‘Look after the dead’, said the priests, ‘and the dead will look after you.’
Wise words in all probability, but a tall order when, like Teppic, you have just become the pharaoh of a small and penniless country rather earlier than expected, and your treasury is unlikely to stretch to the building of a monumental pyramid to honour your dead father.
He’d had the best education money could buy of course, but unfortunately the syllabus at the Assassin’s Guild in Ankh-Morpork did not cover running a kingdom and basic financial acumen…
Pyramids by Terry Pratchett is the seventh novel in his comic Fantasy series Discworld, telling a standalone story this time around. It takes place in the old kingdom of Djelibeybi (jelly-baby), which is based on the cultures and mythology of Ancient Egypt. In my progress through the series, this book was admittedly one I wasn’t particularly looking forward to. There are only a few books in this massive series that are actually standalone tales, involving characters who will not, as far as I know, be appearing in any meaningful way again. Regardless of this, I was pleasantly surprised with this novel.
I’ve said it before, and I’ll no doubt say it again, there are elements in Pratchett’s Discworld novels that do become a tad repetitive, and this book doesn’t quite escape that. In this case our protagonist Teppic is to blame, our assassin turned Pharaoh, who feels a lot like a Pratchett-styled stock main character. Though he’s more skilled than some previous leading men, he’s still awkward and insecure in ways that feel a little too familiar. I did, however, like his status of stranger in a familiar land. A lot of his formative years were spent in Ankh-Morpork, getting a rather detailed education from the Assassins’ Guild, so his return home from a more open and ever-changing society is jarring to say the least.
This return home to the Old Kingdom, resulting in a rather typical calamitous situation our hero must find a way to reverse, also reveals deeper elements that made the story much more substantive than I anticipated. Using ancient Egyptian mythology — and some touches of ancient Greek philosophy — Pratchett plays with societies’ obsessions with tradition and religion, as well as the effects belief has on people and the roles they inhabit. This is highlighted by the fact that while there is an antagonistic character, there isn’t really an individual villain that Teppic must face to save his kingdom. The traditions and beliefs of this society, enforced so adamantly and taken too far, are what turns the kingdom on its head. The people are forced to literally confront their beliefs, and only in overcoming this are they capable of moving forward and bringing about change.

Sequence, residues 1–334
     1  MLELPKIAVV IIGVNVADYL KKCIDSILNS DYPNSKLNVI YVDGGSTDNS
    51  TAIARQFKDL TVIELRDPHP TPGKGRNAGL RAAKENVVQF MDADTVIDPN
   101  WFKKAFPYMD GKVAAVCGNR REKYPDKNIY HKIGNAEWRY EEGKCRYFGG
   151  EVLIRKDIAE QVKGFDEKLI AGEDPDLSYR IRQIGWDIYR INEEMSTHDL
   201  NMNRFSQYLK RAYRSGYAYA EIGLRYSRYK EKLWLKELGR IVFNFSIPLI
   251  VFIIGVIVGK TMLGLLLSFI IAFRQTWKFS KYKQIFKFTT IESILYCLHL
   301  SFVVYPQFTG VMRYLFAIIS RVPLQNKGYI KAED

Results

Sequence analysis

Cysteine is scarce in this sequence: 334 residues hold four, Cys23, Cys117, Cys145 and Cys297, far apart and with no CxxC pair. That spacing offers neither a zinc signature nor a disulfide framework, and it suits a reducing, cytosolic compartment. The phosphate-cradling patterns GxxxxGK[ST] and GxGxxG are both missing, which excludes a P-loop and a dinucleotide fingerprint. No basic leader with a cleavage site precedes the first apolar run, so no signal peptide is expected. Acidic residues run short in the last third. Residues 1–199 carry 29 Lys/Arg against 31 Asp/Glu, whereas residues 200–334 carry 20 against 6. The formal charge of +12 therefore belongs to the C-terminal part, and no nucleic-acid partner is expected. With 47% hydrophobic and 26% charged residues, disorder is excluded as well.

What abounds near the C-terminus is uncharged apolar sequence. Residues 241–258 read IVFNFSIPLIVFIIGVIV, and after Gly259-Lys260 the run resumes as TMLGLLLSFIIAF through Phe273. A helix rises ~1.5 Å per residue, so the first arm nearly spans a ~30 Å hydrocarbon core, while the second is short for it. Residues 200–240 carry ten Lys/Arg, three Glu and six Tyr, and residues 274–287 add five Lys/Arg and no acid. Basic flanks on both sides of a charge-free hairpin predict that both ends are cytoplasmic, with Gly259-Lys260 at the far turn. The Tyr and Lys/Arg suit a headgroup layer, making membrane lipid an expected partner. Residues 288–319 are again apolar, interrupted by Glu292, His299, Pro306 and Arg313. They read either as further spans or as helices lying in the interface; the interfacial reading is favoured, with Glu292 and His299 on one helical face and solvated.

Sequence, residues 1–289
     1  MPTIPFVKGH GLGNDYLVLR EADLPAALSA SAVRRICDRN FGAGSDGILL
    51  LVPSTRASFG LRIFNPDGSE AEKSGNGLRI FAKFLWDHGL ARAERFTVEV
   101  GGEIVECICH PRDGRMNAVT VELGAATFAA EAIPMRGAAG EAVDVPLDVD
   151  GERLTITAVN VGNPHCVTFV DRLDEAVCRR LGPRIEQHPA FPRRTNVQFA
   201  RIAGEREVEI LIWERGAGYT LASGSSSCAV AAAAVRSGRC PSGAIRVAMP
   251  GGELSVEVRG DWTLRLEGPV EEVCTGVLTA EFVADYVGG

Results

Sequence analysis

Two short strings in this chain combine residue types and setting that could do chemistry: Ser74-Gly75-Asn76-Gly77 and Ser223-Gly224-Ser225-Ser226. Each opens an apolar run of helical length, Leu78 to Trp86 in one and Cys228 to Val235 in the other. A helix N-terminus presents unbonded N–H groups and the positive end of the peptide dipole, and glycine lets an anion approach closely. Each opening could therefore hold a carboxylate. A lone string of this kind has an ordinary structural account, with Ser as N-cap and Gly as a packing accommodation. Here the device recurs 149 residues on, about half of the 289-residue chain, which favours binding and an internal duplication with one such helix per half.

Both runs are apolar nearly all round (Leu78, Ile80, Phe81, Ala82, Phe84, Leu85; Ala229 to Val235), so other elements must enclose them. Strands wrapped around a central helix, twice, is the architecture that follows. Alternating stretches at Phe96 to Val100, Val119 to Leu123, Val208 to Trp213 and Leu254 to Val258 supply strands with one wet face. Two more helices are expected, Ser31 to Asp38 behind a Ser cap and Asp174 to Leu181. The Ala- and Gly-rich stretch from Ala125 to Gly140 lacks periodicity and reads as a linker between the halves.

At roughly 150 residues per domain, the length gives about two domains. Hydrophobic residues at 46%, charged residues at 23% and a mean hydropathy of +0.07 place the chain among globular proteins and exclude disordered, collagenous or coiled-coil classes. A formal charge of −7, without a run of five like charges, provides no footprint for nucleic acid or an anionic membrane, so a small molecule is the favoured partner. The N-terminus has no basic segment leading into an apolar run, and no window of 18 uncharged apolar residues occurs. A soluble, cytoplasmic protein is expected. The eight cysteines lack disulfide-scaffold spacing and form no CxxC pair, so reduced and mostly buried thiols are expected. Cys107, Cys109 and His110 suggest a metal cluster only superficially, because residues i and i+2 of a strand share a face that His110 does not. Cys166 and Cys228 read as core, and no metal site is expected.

The supporting cast was particularly interesting in this book, focusing on a number of parties that don’t interact with one another that much, but all have importance. There are the pyramid builders Ptaclusp and his two sons, Ptaclusp IIa and Ptaclusp IIb, as well as the master embalmer, Dil, and his apprentice, Gern. Each party adds some extra comic relief as they frantically try to deal with the demands from on high, but each are also tied to the physical embodiments of the kingdom’s grip on the past. While others demonstrate a figurative anchor to the old ways, the pyramids (and the mummies they’re built for) contribute to the literal one. It is through the builders that we learn the workings of pyramids on the Discworld, which plays with the idea of “Pyramid power,” as well as the thoughts of the dead on being mummified, since the recently deceased king is tied to his corpse and watches the embalmers at their work. These different angles to the story allow for a richer approach to the situation at hand, and also help illustrate that there is more to it than a hero stopping a crisis.
All in all, Pyramids was a fine entry in to the Discworld. From appearances, much of the series has its legs thanks to the numerous sub-series within, but it’s nice to see that a standalone novel can be as strong as this. It’s also worth noting that while I’m reading the whole series in order, by no means are they written in a way that you’d have to. This could be your first, or even only Discworld novel, and I don’t think that you’d be lost. Though steeped in mythological parody, at its heart is a rather good story about identity, for the person and the place, and learning how to move on from what you’ve always known and become something new.